At this year’s Gikii conference, Richard Jones of Liverpool John Moores University (where he is a Reader in Law and IT) has a new project. He together with RA Roksana Ghaffrinik, are looking in to traditional music and IP. The core of the study, from what I gather, is folk music and copyright (rather than “IP”), and specifically if Creative Commons fits with the social norms and specific problems of the genre. From the site:
The research is undertaken by the School of Law at JMU and is analysing the relationship between traditional music and the laws of intellectual property. In addition the research is considering initiatives such as the Creative Commons that attempt to deal with imbalances in the intellectual property regimes. This survey is part of data gathering and analysis on the impact of intellectual property in the creative music industry and will, if possible, be supplemented by face to face interviews with local musicians and representatives of the music industry.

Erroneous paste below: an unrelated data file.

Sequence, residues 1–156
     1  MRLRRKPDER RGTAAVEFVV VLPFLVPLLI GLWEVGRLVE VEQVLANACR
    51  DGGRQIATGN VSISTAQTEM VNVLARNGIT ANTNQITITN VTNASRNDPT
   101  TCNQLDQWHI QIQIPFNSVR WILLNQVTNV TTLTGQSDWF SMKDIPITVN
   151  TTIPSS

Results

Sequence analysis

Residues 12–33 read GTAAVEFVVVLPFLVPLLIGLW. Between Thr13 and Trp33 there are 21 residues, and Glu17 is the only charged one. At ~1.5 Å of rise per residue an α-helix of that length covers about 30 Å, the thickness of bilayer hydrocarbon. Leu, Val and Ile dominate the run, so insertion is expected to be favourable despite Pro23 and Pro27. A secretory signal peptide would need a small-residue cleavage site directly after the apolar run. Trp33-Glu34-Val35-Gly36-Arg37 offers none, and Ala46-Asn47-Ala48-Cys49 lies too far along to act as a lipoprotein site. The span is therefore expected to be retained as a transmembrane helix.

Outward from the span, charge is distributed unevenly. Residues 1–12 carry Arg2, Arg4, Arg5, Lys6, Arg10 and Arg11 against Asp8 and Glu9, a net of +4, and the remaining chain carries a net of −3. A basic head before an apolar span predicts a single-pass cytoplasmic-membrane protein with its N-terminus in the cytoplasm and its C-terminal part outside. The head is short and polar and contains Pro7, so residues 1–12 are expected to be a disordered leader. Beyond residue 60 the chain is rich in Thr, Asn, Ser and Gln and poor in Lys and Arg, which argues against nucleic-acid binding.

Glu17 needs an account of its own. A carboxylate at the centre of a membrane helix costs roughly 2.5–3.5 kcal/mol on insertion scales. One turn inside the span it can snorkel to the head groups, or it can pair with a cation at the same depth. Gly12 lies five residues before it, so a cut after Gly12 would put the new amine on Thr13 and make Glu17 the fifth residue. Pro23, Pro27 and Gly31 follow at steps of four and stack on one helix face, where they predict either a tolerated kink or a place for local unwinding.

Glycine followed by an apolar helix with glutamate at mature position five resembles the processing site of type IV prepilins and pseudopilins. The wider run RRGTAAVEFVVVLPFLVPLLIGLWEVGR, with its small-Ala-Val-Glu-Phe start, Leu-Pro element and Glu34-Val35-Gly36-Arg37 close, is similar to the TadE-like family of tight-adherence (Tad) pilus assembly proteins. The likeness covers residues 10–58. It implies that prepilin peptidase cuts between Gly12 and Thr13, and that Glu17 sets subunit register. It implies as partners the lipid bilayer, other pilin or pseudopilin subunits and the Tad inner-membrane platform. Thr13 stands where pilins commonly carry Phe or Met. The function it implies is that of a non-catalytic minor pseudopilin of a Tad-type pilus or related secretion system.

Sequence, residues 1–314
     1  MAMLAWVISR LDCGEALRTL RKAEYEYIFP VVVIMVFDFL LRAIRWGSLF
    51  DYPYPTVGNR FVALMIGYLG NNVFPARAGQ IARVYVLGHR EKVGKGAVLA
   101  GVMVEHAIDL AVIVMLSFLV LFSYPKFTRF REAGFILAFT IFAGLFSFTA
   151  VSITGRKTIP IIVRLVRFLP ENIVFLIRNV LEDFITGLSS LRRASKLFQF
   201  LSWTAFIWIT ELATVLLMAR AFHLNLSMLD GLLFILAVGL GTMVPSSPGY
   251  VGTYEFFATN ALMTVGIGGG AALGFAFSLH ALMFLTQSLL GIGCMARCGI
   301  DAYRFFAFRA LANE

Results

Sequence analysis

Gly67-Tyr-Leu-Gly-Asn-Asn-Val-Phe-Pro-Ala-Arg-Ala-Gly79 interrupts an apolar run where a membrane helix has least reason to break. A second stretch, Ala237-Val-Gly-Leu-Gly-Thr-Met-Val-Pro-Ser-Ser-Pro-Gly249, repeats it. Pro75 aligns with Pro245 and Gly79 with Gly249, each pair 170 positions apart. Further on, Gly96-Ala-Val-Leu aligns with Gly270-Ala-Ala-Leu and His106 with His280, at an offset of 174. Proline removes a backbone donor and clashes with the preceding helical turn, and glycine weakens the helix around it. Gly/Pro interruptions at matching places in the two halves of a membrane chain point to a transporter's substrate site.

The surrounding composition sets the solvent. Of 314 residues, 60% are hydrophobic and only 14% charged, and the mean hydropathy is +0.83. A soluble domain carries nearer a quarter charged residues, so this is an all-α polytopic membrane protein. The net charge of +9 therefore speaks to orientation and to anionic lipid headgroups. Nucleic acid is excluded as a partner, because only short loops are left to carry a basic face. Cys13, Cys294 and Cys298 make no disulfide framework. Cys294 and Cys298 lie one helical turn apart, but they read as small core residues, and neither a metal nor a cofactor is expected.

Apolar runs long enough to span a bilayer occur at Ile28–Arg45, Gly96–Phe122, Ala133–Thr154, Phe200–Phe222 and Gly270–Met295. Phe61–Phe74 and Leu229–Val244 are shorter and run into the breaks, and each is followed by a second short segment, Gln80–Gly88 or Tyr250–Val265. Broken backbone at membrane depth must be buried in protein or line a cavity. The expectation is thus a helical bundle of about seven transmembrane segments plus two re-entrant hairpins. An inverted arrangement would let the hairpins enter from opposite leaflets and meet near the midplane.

The site is available at http://ipmusicresearch.com/, and the survey is available here.
The project is a continuation of an earlier paper:
R Jones and E Cameron, “Full fat, Semi-Skimmed or No Milk Today? Creative Commons Licenses and English Folk Music”, International Review of Law, Computers and Technology, Volume 19, Number 3, November 2005, pp 259-275 (17). [Link].
Jones’s slide presentation from Gikii is available here.